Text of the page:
Cold Case: Little Rock Teenager Murdered 29 Years Ago

    6:25 PM, Dec 2, 2009   |    comments
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    • Jacqueline Johnson
    • Jacqueline Johnson's Mother, Elizabeth Montgomery
    • Jacqueline Johnson
    • Jacqueline Johnson's Niece, Crystal Gridley

    In 1980, they were mourning the loss of their teenage daughter. And nearly 30 years later, the murder remains a mystery.

    "Her and my Aunt Brenda look exactly alike," says Crystal Gridley.

    "It's the eyes, the cheekbones," she adds.

    Gridley is referring to her Aunt Jacqueline.

    "I would always go to my grandmother's house and see her picture. It was just something about her eyes. I would always stare at the picture."

    That curiosity left her with unanswered questions. She explains, "By me being 29, I wasn't really old enough to know her."

    It was June 27, 1980, three weeks after Gridley was born.

    She says, "That night I was being admitted into the hospital because I was sick and they found her body the next day."

    Jacqueline Johnson, 17, had been murdered. According to published reports, an unidentified man called police tipping them off about where Jacqueline's body could be found. He gave police a bogus name and fake address.

    Johnson was found off a dirt road near Mills High School in Pulaski County.

    She had been stripped naked. Her clothes were found nearby. Her killer was never caught.

    Gridley says, "By watching the cold case files it wanted me to dig a little deeper."

    So Gridley started asking questions. She first learned how Jacqueline was killed.

    "They had strangled her to death," says Elizabeth Montgomery, Jacqueline's mother. Montgomery is Gridley's grandmother.

    Montgomery adds, "They had crushed her head, her forehead."

    The man arrested was very familiar to the family.

    "The suspected person was her boyfriend," explains Gridley.

    He was 21-year-old Tommie Mason. The pair had dated for two years.

    Gridley says, "It is still kind of puzzling as to why he was never brought forward on the charges of her murder."

    He allegedly confessed and was ultimately charged with second degree murder. He plead not guilty. Days before the trial, the case was dismissed.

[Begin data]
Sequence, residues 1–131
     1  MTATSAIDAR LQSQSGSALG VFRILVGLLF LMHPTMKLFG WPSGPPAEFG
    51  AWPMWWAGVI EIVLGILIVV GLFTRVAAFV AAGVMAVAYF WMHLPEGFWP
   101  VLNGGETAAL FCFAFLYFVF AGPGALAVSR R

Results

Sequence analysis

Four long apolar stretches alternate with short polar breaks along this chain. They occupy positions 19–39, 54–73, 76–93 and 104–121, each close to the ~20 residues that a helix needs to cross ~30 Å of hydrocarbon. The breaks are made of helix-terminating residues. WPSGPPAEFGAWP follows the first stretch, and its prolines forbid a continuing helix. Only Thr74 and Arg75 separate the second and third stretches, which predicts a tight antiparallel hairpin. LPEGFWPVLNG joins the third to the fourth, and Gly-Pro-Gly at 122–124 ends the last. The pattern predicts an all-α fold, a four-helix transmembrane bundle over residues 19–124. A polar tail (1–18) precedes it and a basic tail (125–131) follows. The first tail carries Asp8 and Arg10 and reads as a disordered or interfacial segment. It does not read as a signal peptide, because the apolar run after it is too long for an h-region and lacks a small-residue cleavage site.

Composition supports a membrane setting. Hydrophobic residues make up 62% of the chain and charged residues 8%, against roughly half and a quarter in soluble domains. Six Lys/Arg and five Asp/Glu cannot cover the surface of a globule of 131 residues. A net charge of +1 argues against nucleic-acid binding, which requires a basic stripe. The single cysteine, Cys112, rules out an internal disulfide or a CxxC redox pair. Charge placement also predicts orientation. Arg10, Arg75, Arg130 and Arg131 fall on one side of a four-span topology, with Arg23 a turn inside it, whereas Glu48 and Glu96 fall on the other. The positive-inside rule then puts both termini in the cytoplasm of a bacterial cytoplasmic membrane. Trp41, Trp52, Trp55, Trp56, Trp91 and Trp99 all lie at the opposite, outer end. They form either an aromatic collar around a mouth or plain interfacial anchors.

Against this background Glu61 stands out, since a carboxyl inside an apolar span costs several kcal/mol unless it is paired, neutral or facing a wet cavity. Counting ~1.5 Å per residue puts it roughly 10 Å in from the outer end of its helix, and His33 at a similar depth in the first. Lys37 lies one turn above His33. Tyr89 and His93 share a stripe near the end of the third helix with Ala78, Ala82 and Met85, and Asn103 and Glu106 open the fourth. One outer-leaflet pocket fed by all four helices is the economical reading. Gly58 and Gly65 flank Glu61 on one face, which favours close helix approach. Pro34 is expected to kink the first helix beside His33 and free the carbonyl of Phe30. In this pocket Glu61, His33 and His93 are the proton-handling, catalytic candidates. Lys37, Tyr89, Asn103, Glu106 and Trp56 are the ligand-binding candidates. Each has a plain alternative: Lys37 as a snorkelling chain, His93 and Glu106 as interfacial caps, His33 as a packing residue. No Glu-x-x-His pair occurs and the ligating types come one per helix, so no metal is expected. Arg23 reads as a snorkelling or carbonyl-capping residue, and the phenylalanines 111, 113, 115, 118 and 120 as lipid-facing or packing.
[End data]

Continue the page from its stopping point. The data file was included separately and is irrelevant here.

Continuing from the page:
In court documents, Mason's lawyer asked for his confession to be thrown out citing, "the confession was not voluntarily made." That it was "written by police officers," and "not signed by the defendant." It goes on to say that the "physical facts surrounding the incident differ significantly from the confession." And that it "was the product of coercion by the police."

    After the charges were dropped Jacqueline's family says the case was never looked at again. The investigators and prosecuting attorneys originally on this case have since retried, so Today's THV contacted the sheriff's office and current prosecuting attorney. Both agencies said the files are in storage, but after our request, they agree to take a look."

    If there is still physical evidence it could be tested for DNA. Tommie Mason could be re-questioned. He was convicted of another in Arkansas in 1984.

    "We would like to know who did it and why," says Gridley.

    Next year, it will be 30 years. It's a secret held by the woods near the crime scene.

    Montgomery says, "Life rolls. I said the sun rises and it is going to keep on rising no matter what."

    She's a teen with stolen dreams. She wanted to have a family and join the National Guard.

    "I think about that all the time I wonder what would she be like," says Montgomery.

    All that's left is a family's love and a niece's curiosity to find answers. Gridley contacted Today's THV hoping we could help.

    "I want closure as well as for my grandmother to know so she can rest in peace," she adds.

    The family has forgiven the killer and says they'll never give up finding justice for Jacqueline.

    If you have any information on this crime you are asked to contact the Pulaski County Sheriff's Department at 501-340-8477 or email your information to Crime Stoppers.

    If you have a case you would like us to look into, e-mail us at news@todaysthv.com.

    Our series airs every Wednesday on the "THV 10:00 Difference." It is part of our continuing effort here at Today's THV to shed light on the state's countless unsolved murders and missing person's cases. We have been bringing you these stories since July. You can check out other unsolved cases by going to our Cold Case webpage.

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